Limbo Featured Image

Visual Effects in “Limbo” by Playdead

What is Limbo?

Limbo is a black-and-white video game most noteworthy for its unique puzzles. Its story mimics Dante’s Inferno with places and events overlapping. 2

The game was created by Arnt Jensen and Dino Patti, afterwards forming the company Playdead. Development took over three years before its release in 2010.

Limbo Spritesheet of the Player, Enemies, and the Environment
A spritesheet extracted from Limbo. Shown are body parts & pieces of the environment.

Engine, Effects, & Sprites

Limbo uses Box2D for its physics and OpenGL for the visual effects.

A large image consisting of smaller images, called a “sprite sheet”, is spliced and used for objects such as the player’s limbs, boxes, and for the environment. For example, a sprite sheet from the game looks like this:

The Game Consists of Three Depths:

  • Foreground: Closest to you, but out of focus.
  • Midground: The focus of the game.
  • Background: Behind everything, setting the scene and contrasting the midground.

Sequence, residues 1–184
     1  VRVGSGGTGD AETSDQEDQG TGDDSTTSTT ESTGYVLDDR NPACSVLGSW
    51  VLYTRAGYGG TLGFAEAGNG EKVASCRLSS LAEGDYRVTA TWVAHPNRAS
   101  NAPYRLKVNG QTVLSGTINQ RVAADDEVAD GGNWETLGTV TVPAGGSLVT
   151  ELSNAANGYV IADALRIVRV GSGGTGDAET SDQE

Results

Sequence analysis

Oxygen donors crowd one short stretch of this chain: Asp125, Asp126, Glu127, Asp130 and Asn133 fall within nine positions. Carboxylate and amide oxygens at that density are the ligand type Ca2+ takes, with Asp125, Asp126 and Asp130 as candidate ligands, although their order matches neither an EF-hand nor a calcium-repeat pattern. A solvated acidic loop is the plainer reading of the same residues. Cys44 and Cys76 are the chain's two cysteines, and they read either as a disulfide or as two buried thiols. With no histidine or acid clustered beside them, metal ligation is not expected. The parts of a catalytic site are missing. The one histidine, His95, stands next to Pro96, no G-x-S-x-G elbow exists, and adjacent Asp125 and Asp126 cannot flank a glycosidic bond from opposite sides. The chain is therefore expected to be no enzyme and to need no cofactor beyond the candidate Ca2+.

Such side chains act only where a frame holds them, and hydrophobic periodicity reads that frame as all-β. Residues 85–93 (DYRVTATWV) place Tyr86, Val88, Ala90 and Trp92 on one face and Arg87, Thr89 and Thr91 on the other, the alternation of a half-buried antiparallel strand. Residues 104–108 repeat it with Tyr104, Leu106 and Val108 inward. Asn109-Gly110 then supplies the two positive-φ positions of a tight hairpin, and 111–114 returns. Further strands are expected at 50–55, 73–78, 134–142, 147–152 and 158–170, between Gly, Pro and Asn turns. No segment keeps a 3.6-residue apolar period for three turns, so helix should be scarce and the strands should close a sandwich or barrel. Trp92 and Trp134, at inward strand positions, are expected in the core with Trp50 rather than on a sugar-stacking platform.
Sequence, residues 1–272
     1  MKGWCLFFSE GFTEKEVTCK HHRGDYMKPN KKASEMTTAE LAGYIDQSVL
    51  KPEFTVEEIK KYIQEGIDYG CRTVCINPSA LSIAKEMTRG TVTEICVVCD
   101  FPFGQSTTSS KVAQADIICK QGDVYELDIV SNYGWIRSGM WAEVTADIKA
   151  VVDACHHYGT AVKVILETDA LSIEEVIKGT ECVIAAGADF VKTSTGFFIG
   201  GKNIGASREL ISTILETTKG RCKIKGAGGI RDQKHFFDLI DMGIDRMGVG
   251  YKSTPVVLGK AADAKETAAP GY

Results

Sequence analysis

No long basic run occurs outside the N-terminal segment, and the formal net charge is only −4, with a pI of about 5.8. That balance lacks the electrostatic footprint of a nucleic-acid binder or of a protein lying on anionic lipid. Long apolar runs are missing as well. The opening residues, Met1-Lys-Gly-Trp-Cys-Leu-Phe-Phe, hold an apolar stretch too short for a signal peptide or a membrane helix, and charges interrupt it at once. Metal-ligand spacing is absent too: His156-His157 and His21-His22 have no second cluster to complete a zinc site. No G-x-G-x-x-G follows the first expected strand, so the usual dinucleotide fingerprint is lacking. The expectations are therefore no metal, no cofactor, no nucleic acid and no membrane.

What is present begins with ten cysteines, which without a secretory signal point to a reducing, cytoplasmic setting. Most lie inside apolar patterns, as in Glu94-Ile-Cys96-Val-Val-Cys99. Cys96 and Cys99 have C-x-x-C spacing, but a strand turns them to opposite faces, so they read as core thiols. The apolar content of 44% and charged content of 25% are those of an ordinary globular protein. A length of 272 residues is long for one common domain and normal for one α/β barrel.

Each depth moves on its own in relation to the player; this effect is known as “parallax”. The foreground moves more, the midground moves with, and the background moves less than the player.

Recreation Steps:

Steps to Recreate the Visuals in Limbo the Game
Photoshop steps taken to replicate Limbo’s visual effects.


  1. First start by adding blurry objects to create the foreground. The ground becomes the midground
  2. Trees and vines become the background. Everything in this scene should be black and only differ in opacity.
  3. After that, add some blurred light behind the midground, to darken the scene. Create some shadows in the light as well.
  4. Then import a smoke image and mask out some plant shadows, overlaying this layer behind the midground but above the previous light layer.
  5. Create a concentrated exposure layer on the middle, masking the rest of the scene. This adds a spotlight effect.
  6. Proceed to add diagonal light rays with varying opacities to add to the overall brightness.
  7. Then add a negative exposure layer is to act as a vignette, darkening the edges. Be sure to only darken the outer corners and make it very gradual.
  8. Finally, overlay some generic grainy noise.
  9. An optional step is to use sprites from the spritesheet to recreate objects and characters.


Download the Photoshop project file below, there’s a lot of smaller effects unmentioned.

Please respect the copyright of Playdead.

Download recreated scene (.psd)




2. Jake Vander Ende

3. Xbox UK

4. Playdead